How Self-Made Millionaires Deal With Their Money Every Day

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What secrets about managing money do the rich know that the average person doesn’t? I spent five years trying to answer that question. I asked 233 millionaires 144 questions and discovered the rich have certain very specific money habits that were instrumental in helping them accumulate their wealth.
1. Know Where Your Money is Going – Look at your bank statement and credit card statement every month. You’ll uncover expenses for things you were not even aware you were paying for, such as club memberships, subscriptions, recurring charges for products or services you don’t even use. Oftentimes these recurring charges are the byproduct of some “free” promotion you signed up for. The problem is those promotional periods end and when they do, that’s when the charges begin.
2. Annual Expense Review – Many expenses change over time. Insurance costs, such as life insurance, can actually drop when the life expectancy tables are internally adjusted by your insurance company’s underwriting department. You’ll never know unless you reach out to your insurance agent to find out. Also review your health insurance to make sure you’re not inadvertently paying for dependents who left the nest, are on their own, and have coverage through their employer. Cable and Internet costs often change when certain channels are added or dropped. You may be paying for channels you were not even aware were part of your package. Calling your cable or Internet provider to secure the lowest fees available should be an annual process. Periodically shop cell phone plans. Increased competition in the cell phone industry is driving down monthly rates. Make sure you are not paying more than you have to.
3. Avoid Spendthrift Friends – Most people were not taught the habit of living below their means by their parents. As a result, it is very likely that some of your friends are dragging you down with their reckless spending. A night out on the town can sometimes turn into an unexpected $300 night and vacations can turn into investments. Think long and hard about the affect your friends are having on your spending habits. If you hang out with spendthrifts, you could become one yourself. Our habits are influenced by those we associate with. The self-made millionaires in my study made a conscious effort to associate with like-minded individuals. Make sure you are associating with individuals who share your desire to live below their means.
4. Purchase Good Quality Used Cars – New cars lose value as soon as they come off the lot. Buying good quality used cars allows you to take advantage of this loss in value anomaly prevalent in the auto industry. 44% of the rich in my study purchased good quality used cars. Typically these are cars coming off a lease. They may be two or three years old. At 125,000 miles most cars will require some annual repairs. Expect to incur about $1,500 a year in repair costs when you hold on to cars beyond this 125,000 mileage mark. That is still significantly less than you would spend on a loan or lease for a new car.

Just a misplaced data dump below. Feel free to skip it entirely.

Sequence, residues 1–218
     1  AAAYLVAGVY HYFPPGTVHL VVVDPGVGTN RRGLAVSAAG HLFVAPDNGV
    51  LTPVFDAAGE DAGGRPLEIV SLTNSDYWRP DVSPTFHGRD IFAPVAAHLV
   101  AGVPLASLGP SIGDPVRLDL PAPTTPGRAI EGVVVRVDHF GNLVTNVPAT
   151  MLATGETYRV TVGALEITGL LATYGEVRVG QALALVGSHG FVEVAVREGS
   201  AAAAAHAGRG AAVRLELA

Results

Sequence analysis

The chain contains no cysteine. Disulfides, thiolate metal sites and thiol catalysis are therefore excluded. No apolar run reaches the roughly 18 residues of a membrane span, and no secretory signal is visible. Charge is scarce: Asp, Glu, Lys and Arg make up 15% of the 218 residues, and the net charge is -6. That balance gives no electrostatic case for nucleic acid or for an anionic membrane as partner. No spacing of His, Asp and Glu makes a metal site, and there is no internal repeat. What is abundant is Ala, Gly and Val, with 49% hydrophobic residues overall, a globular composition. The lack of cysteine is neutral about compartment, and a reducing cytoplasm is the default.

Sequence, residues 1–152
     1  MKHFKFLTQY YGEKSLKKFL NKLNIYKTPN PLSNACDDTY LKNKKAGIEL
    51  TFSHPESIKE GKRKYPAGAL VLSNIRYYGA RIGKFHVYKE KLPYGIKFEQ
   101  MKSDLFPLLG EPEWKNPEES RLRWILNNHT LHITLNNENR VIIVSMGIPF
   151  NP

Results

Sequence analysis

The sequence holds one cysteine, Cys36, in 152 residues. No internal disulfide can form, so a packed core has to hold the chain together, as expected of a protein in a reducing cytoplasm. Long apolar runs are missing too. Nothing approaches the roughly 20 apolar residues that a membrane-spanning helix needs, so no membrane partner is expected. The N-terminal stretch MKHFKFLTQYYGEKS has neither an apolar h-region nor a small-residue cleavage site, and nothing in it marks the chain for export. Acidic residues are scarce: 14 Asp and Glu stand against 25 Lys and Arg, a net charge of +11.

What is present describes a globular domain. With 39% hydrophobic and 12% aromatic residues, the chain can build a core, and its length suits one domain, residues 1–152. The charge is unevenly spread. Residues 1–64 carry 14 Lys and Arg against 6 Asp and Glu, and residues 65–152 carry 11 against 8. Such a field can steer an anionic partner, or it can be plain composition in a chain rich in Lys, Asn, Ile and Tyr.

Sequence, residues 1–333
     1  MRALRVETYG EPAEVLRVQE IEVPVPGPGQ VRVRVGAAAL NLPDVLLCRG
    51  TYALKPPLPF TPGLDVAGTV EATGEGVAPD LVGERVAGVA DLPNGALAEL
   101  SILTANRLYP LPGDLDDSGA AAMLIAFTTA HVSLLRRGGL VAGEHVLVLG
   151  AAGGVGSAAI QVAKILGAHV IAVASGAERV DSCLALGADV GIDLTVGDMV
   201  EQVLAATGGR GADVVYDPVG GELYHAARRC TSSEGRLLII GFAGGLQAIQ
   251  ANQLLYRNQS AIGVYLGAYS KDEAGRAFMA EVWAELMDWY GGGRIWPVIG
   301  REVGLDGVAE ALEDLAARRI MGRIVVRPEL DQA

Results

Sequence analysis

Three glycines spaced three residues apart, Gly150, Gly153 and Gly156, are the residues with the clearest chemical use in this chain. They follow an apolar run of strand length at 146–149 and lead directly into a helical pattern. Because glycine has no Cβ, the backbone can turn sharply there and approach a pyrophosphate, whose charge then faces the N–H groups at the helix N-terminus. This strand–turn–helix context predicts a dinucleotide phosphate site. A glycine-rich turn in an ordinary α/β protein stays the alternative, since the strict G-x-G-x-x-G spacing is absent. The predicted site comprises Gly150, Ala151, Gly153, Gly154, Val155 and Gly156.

5. Use On-line Coupons – Online sites like Groupon, Living Social, Fab and many others offer discounts of 50% or more on restaurants, products and groceries. Thirty percent of the self-made millionaires in my study used coupons. Why pay more than you have to on groceries or other expenses?
6. Keep Housing Costs Between 25% – 30% of Your Monthly Net Pay. Contrary to what you’ve been led to believe, most of the rich do not live in mcmansions. Sixty-four percent of the rich in my study lived in modest homes.
7. Save 20% of Your Net Pay – Automate your savings by having 20% of your net pay sent to your savings account every pay period. This will force you to live below your means because you will be forced to live on the remaining 80% of your net pay.
8. Never Gamble Your Savings – There’s no such thing as getting rich quick without exposing yourself to unnecessary risk. The power of compounding with safe investments can grow your savings and make you wealthy. Saving just $250 a month over 40 years will produce $381,505 at a 5% return.
9. Allocate Your Savings Using The Bucket System – Bucket #1 is your Retirement Savings Bucket. Bucket #2 is your Specific Expense Bucket (i.e. saving for a down payment on a home, wedding costs, birth of a child, etc.). Bucket #3 is your Unexpected Expense Bucket (i.e. home repairs, car repairs, medical costs, unemployment, etc.) and Bucket #4 is your Cyclical Expense Bucket (birthday gifts, holiday gifts, vacations, back to school, etc.).
10. Establish Savings Goals Per Bucket – Earmark a certain percentage to set aside for each bucket. For example, if you save 205 of your net pay the allocation might look like this: 10% for Retirement Bucket, 4% for Specific Expense Bucket and 3% for both Unexpected Expense Budget and Cyclical Expense Bucket.

Saving money is a process. Accumulating wealth is a process. It’s all one big process, this thing we call financial success. But if you don’t have a process or adopt good money habits you will never be able to save. It just won’t happen. When you develop good money habits you feel like you are finally in control of your life. It’s empowering.

 

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Thomas C. Corley About Thomas C. Corley

Tom Corley is a bestselling author, speaker, and media contributor for Business Insider, CNBC and a few other national media outlets.

His Rich Habits research has been read, viewed or heard by over 50 million people in 25 countries around the world.

Besides being an author, Tom is also a CPA, CFP, and hold a master’s degree in taxation. As president of Cerefice and Company, CPAs, Tom heads one of the premier financial firms in New Jersey.
 
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